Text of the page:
The Growth Hormone Cascade and Its Role in Mammalian GrowthRosenfeld R.G.a · Hwa V.b
aLucile Packard Foundation for Children’s Health, Stanford University, Palo Alto, Calif., and bOregon Health & Science University, Portland, Oreg., USA Horm Res 2009;71(suppl 2):36–40 (DOI:10.1159/000192434)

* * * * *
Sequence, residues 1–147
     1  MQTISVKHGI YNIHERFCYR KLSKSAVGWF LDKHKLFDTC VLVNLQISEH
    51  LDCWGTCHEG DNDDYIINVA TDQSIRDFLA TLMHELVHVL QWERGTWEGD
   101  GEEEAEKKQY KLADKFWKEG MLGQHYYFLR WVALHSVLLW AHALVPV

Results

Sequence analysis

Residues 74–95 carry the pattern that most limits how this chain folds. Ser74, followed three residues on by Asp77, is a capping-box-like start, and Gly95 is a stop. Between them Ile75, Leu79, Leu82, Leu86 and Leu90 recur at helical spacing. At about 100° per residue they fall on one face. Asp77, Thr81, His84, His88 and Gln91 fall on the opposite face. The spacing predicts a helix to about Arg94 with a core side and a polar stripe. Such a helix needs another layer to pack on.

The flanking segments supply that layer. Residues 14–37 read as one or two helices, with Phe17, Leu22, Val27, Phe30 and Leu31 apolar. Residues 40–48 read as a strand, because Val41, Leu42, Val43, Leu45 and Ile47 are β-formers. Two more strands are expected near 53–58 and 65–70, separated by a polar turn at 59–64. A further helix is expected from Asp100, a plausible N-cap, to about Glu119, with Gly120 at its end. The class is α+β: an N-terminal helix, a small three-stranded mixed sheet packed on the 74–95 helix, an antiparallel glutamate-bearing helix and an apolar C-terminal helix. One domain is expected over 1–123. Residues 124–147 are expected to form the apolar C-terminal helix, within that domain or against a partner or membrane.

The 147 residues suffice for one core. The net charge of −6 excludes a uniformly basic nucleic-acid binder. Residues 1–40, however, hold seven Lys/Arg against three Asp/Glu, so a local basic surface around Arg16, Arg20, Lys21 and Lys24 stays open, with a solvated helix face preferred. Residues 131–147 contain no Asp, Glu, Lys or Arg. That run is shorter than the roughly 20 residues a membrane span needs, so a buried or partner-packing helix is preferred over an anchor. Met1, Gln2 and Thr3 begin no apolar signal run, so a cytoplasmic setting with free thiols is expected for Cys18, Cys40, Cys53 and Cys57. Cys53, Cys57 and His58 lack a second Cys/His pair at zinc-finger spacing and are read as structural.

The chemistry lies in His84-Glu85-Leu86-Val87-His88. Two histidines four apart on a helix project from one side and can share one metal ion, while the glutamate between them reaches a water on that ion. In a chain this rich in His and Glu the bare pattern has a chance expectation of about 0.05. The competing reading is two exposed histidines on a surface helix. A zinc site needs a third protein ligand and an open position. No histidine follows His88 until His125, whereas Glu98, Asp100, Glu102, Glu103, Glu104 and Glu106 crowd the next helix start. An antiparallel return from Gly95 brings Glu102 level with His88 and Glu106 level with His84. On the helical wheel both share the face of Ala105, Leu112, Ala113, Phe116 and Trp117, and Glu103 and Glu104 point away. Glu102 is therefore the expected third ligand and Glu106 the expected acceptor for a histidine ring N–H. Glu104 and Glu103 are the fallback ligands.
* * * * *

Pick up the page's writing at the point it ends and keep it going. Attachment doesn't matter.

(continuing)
The myriad actions of growth hormone (GH) are still incompletely understood, despite decades of research. Although it is a major regulator of post-natal growth in mammals, much of its effects on skeletal growth are recognized to be mediated indirectly, through the stimulation of production of insulin-like growth factor (IGF)-I, as well as some of the major serum carrier proteins for IGF-I and -II, such as IGF-binding protein-3 (IGFBP-3) and the acid-labile subunit (ALS). The regulation of IGF-I production by GH appears to be mediated entirely by signalling through the Janus kinase (JAK) 2 pathway, via the phosphorylation of the transcription factor, signal transducer and activator of transcription (STAT) 5b. GH also signals, however, through additional pathways that are likely to be critical to the metabolic actions of GH.
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